Is teacher shortage impeding effective learning?

Teacher shortage e-spaces

The teacher shortage has a negative impact on learning, making it a major problem for schools. With a Teacher recruitment and retention strategy, the Department of Education has intervened.

The Department of Education allocated a 15 million pounds budget for digital transformation. Why? Several polls have revealed that teachers are considering leaving their jobs. For example, in April 2022, 44% of teachers polled are considering resigning in the next five years, with 8% quitting in the 2021/22 timeframe. On top of the stress, schools are under from the increasing number of students, few resources, and a budget decrease. What triggered the massive migration? What is the solution?

Reasons for the Teacher Shortage

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The first issue that has forced teachers to leave is an excessive workload. The amount of time spent marking homework and assignments, as well as the administrative paperwork, drains most teachers, forcing many to leave the field.

Full-time teachers are working between 49.3 to 53 hours which is too high. Furthermore, the number of work hours leaves many people with the impression that the task is unmanageable. I teach three science disciplines, and I have encountered this challenge too. Most of the time, I struggle with balancing many topics and assignments all at the same time. Weariness and mental pressure experienced makes quitting seem a decent choice.

The other problem is difficulty with school cultures ingrained in the school system, for example, where rules apply to some and not all teachers and unclear expectations. Therefore, putting teachers in a bind between making school a pleasant place to work and a great place to study. Further, there are challenges with accountability difficulties and challenging student behavior that makes the job unpleasant, resulting in teachers quitting.

Finally, teacher retention is becoming increasingly difficult. There is an increased number of teachers abandoning the field. The application procedure to become a teacher is complex and time-consuming. Hence, this explains why teacher supply can not keep up with rising pupil numbers, with 10% of instructors departing. This difficulty is being recognized primarily by early career teachers who consider the expectations and pressure too much for them. More than 20% of new teachers leave teaching during the first two years, and 33% depart within the first five years. (Page 10) Strategy for teacher recruitment and retention. Many teachers quit for jobs that pay less but provide a better work-life balance! So, how can teachers be helped?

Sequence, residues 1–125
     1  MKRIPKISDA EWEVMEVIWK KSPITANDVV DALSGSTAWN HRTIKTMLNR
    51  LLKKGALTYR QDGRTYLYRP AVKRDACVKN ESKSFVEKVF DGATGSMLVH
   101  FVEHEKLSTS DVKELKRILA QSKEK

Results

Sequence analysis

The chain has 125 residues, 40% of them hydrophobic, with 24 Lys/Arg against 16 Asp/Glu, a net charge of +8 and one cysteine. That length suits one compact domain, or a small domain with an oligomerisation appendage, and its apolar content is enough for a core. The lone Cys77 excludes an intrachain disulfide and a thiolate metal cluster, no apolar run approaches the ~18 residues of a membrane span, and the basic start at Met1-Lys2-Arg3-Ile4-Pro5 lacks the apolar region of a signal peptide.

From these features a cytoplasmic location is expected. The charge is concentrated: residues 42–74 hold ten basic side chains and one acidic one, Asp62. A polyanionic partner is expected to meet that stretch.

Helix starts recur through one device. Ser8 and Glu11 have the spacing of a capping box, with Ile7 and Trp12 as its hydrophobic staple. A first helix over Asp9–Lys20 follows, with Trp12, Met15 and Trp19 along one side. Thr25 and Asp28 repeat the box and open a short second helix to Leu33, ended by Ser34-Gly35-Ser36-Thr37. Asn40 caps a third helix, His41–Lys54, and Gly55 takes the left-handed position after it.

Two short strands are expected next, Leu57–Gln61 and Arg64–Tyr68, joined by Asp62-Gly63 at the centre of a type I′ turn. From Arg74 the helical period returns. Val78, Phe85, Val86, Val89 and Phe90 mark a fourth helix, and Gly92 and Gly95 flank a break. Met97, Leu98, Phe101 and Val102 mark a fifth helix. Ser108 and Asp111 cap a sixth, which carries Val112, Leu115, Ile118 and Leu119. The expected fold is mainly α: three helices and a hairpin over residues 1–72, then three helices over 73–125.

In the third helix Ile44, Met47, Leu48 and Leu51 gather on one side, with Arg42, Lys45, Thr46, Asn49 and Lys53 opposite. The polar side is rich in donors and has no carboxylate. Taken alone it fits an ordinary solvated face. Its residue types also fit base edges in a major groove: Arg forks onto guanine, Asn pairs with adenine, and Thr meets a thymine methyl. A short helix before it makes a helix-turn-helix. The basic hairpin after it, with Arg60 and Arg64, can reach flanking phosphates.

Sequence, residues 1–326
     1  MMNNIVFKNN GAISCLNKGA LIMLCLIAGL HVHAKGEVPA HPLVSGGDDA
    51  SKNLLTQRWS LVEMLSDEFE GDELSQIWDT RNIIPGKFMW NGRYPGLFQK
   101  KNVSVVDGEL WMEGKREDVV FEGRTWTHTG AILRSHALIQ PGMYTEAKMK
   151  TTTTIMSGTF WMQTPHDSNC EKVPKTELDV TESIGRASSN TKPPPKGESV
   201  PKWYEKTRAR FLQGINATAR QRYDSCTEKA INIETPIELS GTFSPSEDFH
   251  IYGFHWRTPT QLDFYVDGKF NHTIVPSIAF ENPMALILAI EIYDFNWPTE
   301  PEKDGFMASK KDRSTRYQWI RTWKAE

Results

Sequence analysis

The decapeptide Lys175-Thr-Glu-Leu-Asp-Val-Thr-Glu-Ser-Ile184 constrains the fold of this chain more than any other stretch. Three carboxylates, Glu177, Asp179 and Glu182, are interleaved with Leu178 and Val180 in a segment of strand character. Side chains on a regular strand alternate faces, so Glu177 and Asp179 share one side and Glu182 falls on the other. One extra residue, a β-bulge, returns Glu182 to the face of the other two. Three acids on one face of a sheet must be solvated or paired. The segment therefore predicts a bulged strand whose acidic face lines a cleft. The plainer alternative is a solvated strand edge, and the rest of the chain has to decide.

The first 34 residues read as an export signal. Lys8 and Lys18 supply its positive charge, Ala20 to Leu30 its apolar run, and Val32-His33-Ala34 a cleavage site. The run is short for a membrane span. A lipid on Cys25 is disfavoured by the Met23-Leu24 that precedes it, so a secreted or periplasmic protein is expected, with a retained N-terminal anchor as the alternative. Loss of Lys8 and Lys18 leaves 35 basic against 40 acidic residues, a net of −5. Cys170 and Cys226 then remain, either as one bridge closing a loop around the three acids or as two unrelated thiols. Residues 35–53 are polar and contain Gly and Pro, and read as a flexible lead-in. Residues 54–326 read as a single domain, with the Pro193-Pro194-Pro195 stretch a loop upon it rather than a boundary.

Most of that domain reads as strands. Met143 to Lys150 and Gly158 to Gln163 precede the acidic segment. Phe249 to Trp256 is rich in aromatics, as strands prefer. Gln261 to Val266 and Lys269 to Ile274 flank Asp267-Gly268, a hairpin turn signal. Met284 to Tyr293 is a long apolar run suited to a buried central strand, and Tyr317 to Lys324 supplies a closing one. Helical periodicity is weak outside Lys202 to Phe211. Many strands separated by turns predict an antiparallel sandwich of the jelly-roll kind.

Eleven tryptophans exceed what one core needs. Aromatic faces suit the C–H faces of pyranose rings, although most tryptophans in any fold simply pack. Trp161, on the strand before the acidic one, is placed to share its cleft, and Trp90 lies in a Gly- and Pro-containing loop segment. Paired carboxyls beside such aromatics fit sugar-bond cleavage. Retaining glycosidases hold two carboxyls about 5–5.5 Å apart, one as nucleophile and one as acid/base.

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The Suggested Solution

The Department for Education (DfE) has developed a teacher recruitment and retention strategy that focuses on boosting teacher retention while enticing new teachers to join. They have included digital services and data platforms to aid application prospective teachers. Let us concentrate on four of them.

  • Reduced timetable. Early career teachers have been funded and guaranteed 5% off their second year of teaching. Upon implementation, the reduction increased to 10% of the original timeframe. In turn, new teachers gain more time to focus on adjusting and adapting to the workload. Additional online tools for recruiting are in place. Such as a one-stop application system for basic teacher training to attract new teachers to join.

  • Mentorship and development. Since teaching is a demanding profession, there is a fully funded mentor training program under the Early Career Framework. Split into two years, the first for studying and the second for teaching with the assistance of a mentor, usually an experienced teacher. Mentors help new instructors learn how to use the tools they have to fulfill the requirements of the curriculum. As a result, teachers’ lesson planning skills improve, and they develop confidence in front of the classroom. This program began in April 2022.

  • Help with the curriculum. High-quality free curriculum and training resources are available. There are new digital tools for training, such as postgraduate professional qualifications. There are presently measures to promote exposure to valuable resources in the classroom, such as Discover teaching initiatives. There are also phased bursaries with staggered retention payments, with lump sums for teachers who work in more demanding schools. As a result, good teachers stay in the schools that require them the most.

  • Material Assistance. As previously stated, digital technologies for continual training are available. Qualified instructors get assisted in obtaining jobs through Job share programs (Beta version out on gov.uk teaching vacancies). Some digital tools are data tracking systems, clear proof of class preparation and grading, child objectives, and prediction to minimize teacher burden. For instance, a digital application with real-time evaluation in class based on pre-installed lesson plans in the program.


The DfE is making a career in teaching more attractive, sustainable, and rewarding. The final vision is that young people have access to world-class education no matter where they are from because there are no great schools without great teachers.

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